Thursday, June 7, 2007

It's The Great Pumpkin

The boss has a rule about holiday decorations. Before the Christmas wreath goes on the door, the pumpkins must disappear from the front steps. This is a good rule. Pumpkins are fine decorations for Halloween and Thanksgiving, but by Dec 1 they have served their purpose.

Dec 1 is a fun day at the compost pile. That is the day I get to smash pumpkins. I lug them to the rightfield corner, seize a shovel, and dash them with the blade until nothing remains but pulp. Having taken out my frustrations without committing so much as a misdemeanor, I shovel them into the pile.

Naturally, the pumpkins have seeds. And what finer place for a seed to germinate than a compost pile?

This spring, I noticed a peculiar weed sprouting among all the other weeds. "That almost looks like a pumpkin leaf," I thought.

I don't know how I knew that, or where I've seen pumpkin leaves. I'm a city guy, I buy a couple of pumpkins from the Boy Scouts in October, and that's the extent of my pumpkin knowledge. But somehow, the vines looked like pumpkins, so I left them alone, curious to see what they would do.

I had low expectations. My friends who grow edible things always seemed shocked that their crops didn't die from something...lack of rain, too much rain, rabbits, Japanese beetles...and they know what they are doing. I don't have a clue when it comes to vegetables. I figured the pumpkin would be a nice little novelty for a couple of weeks, and didn't really think beyond that point.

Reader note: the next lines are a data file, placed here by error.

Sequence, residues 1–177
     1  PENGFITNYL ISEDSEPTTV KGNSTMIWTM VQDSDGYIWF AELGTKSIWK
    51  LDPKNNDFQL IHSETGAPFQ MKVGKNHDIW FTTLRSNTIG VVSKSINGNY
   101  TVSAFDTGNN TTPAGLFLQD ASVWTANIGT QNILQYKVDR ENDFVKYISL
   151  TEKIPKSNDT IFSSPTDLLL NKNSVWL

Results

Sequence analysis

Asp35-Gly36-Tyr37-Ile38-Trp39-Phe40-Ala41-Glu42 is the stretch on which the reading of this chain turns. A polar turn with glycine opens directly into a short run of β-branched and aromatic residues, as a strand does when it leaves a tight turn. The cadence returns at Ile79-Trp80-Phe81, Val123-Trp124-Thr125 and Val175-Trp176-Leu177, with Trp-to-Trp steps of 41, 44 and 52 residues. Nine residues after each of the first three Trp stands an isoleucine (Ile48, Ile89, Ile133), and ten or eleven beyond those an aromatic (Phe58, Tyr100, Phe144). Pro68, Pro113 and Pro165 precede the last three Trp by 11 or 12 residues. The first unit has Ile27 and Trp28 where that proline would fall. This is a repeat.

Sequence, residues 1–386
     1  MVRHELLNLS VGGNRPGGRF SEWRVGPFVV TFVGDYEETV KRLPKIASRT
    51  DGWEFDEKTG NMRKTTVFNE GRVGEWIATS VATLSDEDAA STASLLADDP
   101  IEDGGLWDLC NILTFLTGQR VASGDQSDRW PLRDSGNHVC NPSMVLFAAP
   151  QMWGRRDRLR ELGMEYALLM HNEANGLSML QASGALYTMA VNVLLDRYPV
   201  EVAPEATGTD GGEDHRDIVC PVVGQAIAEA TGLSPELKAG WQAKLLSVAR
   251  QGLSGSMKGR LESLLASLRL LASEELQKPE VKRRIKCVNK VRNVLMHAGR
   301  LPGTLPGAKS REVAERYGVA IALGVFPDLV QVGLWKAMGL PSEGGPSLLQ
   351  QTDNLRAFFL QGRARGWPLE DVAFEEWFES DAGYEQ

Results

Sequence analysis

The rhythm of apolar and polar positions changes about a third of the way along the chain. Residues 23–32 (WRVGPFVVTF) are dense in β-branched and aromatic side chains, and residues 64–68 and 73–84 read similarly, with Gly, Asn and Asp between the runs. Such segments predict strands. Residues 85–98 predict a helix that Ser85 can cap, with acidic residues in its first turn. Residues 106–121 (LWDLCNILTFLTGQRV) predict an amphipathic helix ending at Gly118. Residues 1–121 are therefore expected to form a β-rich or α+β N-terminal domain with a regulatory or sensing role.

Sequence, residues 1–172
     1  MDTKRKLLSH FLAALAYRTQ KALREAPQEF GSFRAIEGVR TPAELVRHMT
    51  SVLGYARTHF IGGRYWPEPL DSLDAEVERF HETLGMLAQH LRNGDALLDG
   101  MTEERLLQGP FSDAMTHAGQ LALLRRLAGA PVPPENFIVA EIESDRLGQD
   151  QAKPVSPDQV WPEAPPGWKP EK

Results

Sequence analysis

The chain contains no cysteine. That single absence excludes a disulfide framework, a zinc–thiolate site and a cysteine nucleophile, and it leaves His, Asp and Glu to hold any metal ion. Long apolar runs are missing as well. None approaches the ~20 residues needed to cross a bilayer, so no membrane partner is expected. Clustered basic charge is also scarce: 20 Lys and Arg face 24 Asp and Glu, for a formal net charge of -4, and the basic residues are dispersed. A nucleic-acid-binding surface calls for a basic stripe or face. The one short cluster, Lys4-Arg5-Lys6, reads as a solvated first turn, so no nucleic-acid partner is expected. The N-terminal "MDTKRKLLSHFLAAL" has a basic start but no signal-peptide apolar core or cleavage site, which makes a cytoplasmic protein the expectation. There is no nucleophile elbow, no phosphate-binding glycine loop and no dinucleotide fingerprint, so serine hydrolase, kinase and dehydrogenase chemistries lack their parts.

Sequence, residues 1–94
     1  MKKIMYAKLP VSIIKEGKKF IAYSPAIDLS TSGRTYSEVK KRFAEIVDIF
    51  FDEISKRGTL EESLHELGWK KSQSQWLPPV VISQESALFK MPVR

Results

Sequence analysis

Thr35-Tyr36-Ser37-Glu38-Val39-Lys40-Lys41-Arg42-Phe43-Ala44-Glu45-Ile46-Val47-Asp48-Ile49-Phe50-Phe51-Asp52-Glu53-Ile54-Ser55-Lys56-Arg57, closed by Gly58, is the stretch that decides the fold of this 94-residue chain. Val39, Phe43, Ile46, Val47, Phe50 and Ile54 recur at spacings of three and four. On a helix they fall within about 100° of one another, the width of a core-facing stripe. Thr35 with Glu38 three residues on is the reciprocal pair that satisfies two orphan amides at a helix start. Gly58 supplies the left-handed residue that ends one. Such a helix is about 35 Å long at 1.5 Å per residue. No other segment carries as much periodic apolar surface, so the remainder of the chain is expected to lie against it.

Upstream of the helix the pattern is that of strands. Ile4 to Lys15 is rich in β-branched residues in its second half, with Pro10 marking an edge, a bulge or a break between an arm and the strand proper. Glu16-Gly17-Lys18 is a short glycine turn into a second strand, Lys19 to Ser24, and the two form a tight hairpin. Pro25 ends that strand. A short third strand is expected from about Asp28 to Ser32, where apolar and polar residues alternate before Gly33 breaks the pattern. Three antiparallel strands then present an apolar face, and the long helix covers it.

Well, the pumpkin vine grew. And grew. And grew some more. It now hides the compost from view, which is good, but it is threatening to engulf the bench and the forsythia. No doubt its little pumpkin brain harbors even grander ambitions. I confess to feeling a bit nervous when Andy goes near it...he's a big cat, but that's a REAL BIG pumpkin. Those tendrils scare me.

But what to do? Like Victor Frankenstein, I've given life to the monster. Now it's got these giant school bus-yellow flowers and all I can do is watch in fascinated horror as it annexes more and more of the garden with a vengeance that would put both the Soviets and kudzu to shame. Whatever happens, you can bet that on Halloween night I'm going to call Linus and we're going to sit in the pumpkin patch and wait to see the Great Pumpkin rise against the night sky!

1 comment:

Stacey said...

That is some interesting ground cover!